March 01, 2015

No Special Pleading or Petition Required for Special Immigrant Juvenile Status Findings

Scott Trowbridge

The views expressed herein have not been approved by the House of Delegates or the Board of Governors of the American Bar Association, and accordingly, should not be construed as representing the policy of the American Bar Association.

Simbaina v. Bunay, 2015 WL 426835 (Md. Ct. Spec. App.).

Trial court erred in failing to address Special Immigrant Juvenile Status (SIJS) predicate findings when requested by mother in divorce and custody proceedings. State and federal law broadly define ‘juvenile court’ and lack any specific case requirement that predicate findings be made.

A private custody petition was filed in the context of divorce proceedings. Both parents lived in Maryland. One of their three children was born in Ecuador, where she lived with her grandparents for 10 years. As such, she was a citizen of Ecuador. Her father had not had a consistent relationship with her.

In the mother’s amended petition she sought SIJS findings. The mother alleged that it was not in her daughter’s best interests to return to Ecuador and that she was abused, neglected, or abandoned by her father.
In the custody hearing, the father agreed to the mother having sole custody of the child, but wanted joint custody of the other two children.
The trial court declined to address immigration issues because they were not properly pled. It suggested that the SIJS findings be attached to a guardianship petition. The court entered a divorce decree but did not address SIJS. The mother appealed.

The Maryland Court of Special Appeals reversed, finding the circuit court erred in not addressing the SIJS claim.

First, the Court of Special Appeals noted the Immigration and Nationality Act of 1990 established SIJS to protect undocumented children who were abused, neglected, or abandoned. The statute requires a state court make a “SIJ-predicate order.” The petitioner then completes forms through the U.S. Citizenship & Immigration Services (CIS) to seek to obtain lawful permanent residency status.

It noted that 2008 amendments removed the requirement that the child have a goal of long-term foster care, replacing it with the requirement that reunification was not viable with one or both parents due to abuse, neglect, or abandonment. The amendments also removed the requirement that a child be in foster care, allowing for SIJS findings where the court places the child in the custody of an entity or person.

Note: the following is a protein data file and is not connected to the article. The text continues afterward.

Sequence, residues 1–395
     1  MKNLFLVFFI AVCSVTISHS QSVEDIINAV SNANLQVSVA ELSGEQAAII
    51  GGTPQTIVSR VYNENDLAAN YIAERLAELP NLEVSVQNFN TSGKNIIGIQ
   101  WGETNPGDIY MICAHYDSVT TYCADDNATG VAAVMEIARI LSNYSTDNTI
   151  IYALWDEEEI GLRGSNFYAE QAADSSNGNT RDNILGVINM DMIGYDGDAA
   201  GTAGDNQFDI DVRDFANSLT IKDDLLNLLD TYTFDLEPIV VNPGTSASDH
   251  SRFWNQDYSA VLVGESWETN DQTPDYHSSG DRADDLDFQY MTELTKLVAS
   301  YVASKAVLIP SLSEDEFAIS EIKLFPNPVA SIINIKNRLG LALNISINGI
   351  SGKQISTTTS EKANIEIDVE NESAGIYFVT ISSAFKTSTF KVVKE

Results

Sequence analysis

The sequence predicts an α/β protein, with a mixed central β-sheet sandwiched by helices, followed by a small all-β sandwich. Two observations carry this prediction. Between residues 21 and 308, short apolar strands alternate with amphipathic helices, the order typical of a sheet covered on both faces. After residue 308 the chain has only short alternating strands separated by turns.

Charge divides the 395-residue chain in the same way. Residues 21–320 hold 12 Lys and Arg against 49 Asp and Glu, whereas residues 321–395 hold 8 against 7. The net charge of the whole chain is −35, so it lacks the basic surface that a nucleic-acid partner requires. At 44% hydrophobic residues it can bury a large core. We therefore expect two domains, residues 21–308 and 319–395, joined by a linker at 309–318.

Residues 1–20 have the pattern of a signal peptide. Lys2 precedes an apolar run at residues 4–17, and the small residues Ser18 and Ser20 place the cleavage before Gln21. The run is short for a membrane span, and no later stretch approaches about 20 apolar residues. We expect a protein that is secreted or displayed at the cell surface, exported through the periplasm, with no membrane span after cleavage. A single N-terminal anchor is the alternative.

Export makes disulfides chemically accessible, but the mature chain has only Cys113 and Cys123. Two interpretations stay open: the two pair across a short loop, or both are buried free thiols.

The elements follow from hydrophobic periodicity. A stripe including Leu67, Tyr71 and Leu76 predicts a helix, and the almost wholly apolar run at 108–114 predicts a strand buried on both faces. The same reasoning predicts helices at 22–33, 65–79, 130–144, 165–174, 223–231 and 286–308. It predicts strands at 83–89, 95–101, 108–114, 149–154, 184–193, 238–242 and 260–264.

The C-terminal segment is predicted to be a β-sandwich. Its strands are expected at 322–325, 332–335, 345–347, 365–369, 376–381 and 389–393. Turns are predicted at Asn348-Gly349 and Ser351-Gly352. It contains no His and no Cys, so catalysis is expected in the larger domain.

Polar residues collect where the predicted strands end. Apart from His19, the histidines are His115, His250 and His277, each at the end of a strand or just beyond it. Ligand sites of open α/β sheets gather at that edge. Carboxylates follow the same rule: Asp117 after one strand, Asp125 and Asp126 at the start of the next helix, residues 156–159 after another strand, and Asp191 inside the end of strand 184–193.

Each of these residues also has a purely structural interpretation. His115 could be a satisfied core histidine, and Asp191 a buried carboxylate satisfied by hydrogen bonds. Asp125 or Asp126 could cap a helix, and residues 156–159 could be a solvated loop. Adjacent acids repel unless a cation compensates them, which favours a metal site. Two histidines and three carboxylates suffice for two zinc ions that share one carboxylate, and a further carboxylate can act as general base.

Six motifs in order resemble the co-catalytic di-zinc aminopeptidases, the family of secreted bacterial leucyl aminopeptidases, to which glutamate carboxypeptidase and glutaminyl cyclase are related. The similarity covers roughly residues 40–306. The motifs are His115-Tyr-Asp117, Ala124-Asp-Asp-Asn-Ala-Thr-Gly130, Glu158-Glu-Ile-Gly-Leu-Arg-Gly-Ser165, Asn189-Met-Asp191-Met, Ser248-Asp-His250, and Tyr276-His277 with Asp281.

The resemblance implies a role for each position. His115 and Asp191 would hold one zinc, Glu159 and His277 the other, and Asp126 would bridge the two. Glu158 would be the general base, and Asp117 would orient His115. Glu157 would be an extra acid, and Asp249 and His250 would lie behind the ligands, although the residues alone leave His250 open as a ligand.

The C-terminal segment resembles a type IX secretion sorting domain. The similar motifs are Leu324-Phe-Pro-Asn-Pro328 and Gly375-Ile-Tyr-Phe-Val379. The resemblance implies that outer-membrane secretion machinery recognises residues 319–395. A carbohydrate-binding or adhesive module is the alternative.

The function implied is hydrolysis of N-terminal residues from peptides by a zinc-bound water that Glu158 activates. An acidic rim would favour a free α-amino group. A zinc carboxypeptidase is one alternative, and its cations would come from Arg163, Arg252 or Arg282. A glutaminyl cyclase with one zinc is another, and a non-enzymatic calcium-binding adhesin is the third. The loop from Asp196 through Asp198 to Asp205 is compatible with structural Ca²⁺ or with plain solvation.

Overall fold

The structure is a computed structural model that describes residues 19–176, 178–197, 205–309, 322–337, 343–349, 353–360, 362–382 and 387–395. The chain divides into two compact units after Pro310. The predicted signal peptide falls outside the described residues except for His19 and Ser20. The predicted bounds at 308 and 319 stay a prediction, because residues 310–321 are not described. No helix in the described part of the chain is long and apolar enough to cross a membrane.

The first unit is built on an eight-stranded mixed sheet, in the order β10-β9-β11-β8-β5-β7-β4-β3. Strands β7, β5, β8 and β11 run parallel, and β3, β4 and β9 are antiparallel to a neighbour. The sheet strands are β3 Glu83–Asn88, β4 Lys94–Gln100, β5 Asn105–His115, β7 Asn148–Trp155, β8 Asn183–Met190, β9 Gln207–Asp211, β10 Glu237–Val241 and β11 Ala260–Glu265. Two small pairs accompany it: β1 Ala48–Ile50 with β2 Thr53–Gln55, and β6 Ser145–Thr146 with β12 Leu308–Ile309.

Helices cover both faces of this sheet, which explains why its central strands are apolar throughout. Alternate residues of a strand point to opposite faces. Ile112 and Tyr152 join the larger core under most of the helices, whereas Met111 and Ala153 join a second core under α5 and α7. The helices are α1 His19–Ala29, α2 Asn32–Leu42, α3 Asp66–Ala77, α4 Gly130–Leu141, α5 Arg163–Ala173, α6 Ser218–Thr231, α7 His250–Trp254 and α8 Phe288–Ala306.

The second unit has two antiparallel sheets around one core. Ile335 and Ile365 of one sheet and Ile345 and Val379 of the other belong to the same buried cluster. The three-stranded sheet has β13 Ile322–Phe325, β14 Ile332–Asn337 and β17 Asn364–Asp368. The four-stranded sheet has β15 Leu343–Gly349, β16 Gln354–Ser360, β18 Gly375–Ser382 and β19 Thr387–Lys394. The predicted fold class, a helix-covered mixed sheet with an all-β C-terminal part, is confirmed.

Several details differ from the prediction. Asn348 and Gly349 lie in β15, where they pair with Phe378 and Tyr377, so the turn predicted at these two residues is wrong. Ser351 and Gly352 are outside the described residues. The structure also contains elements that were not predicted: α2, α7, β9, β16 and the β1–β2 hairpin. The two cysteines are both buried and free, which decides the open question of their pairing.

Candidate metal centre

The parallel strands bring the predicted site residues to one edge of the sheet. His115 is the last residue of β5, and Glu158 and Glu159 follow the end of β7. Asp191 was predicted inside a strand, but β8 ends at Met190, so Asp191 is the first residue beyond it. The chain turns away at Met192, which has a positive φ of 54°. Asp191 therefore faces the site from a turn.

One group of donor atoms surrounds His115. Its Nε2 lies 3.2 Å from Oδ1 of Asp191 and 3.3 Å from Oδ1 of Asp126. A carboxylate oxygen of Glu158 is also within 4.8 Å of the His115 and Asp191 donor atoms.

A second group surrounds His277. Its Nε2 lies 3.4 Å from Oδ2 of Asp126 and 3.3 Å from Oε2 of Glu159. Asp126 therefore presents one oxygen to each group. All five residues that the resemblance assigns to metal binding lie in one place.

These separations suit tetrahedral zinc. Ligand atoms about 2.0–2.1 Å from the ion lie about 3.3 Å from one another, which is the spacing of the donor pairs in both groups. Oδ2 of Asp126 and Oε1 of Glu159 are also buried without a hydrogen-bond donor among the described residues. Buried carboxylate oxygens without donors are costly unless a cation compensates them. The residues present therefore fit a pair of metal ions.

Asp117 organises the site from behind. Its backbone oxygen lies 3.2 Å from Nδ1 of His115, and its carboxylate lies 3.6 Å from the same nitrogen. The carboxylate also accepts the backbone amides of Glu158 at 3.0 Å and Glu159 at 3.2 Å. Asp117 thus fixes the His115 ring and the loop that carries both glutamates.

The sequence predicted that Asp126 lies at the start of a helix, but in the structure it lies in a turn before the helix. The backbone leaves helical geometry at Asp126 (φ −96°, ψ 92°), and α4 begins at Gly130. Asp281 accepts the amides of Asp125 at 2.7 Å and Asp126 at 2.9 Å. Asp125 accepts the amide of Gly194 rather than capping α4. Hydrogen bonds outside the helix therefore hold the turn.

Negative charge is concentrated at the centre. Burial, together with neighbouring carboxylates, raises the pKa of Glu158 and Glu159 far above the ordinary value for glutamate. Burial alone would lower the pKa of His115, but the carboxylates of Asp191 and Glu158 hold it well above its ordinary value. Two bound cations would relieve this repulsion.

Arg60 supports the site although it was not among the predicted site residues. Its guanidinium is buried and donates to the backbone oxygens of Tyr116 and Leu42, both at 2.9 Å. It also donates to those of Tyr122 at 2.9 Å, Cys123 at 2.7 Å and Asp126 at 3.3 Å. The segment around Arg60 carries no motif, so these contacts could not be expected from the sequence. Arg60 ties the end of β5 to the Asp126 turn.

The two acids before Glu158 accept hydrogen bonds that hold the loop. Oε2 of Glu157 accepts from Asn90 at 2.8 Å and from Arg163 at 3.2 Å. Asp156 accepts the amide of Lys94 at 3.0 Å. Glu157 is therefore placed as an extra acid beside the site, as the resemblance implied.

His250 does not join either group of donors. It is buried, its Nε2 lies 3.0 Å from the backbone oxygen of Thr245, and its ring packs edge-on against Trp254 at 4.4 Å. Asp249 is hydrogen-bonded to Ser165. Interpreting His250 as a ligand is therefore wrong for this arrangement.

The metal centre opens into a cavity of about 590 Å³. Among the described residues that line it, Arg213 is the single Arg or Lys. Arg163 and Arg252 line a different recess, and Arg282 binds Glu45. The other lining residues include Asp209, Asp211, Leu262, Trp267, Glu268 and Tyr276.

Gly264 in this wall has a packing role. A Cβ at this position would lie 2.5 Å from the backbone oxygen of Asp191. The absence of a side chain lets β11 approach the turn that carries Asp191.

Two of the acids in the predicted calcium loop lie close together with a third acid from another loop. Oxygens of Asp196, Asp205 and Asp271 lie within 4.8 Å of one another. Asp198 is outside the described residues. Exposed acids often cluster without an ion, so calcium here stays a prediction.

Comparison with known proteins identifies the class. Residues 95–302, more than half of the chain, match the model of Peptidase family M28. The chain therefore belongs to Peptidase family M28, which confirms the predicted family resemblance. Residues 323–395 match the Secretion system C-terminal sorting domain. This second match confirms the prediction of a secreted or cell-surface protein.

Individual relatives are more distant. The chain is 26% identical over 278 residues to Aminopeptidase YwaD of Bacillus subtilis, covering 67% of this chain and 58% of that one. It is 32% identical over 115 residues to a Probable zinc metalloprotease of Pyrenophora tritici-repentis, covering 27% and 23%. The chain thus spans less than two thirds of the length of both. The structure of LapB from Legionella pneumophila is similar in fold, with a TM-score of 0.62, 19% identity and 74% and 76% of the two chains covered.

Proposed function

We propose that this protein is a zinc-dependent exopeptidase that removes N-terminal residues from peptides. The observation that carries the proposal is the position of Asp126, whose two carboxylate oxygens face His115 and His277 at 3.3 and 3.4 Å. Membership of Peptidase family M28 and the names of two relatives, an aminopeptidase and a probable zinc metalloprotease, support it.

Next the court examined whether the statute created separation of powers issues, specifically whether the statute imposes a nonjudicial duty on the court and whether it attempts to create an impermissible state regulation of federal immigration duties.

The court found they did not violate these laws. While the federal government has exclusive jurisdiction over immigration, the Supremacy Clause delegates specific duties to the states. Since state juvenile courts have expertise in making judgments about child welfare matters, granting them authority to do so was justified. Further, the statute does not lead to state courts making an immigration determination per se. Rather, the actual determination of immigration eligibility remains with CIS.

Next the appellate court examined whether the trial court had jurisdiction in a divorce and custody case. While the statute does not define ‘juvenile court,’ federal regulations define them to include any courts that make decisions about “custody” or “care” of children. Federal law does not limit what type of proceeding the prerequisite findings be requested in.

The court cited cases in several states where SIJS findings were found to be appropriately made by probate courts in adoption cases, or in guardianship or custody cases. The crucial factor is that they are made by courts making decisions about a child’s care, custody, and best interests. Under Maryland Code, trial courts are empowered to hear custody and guardianship cases, and thus would be considered ‘juvenile courts’ for the purposes of SIJS.

Further, there are no specific pleading requirements under federal or state law. Under Maryland law, pleadings must be “simple, concise, and direct.” While the mother did not file a separate motion for SIJS findings, her amended divorce and custody complaint contained items that clearly reflected the SIJS statute. Oral requests also clarified that was the intent. Thus, a request for SIJS predicate findings was clearly before the court.

The appellate court reversed and remanded the case with instructions to take evidence and testimony regarding the SIJS elements.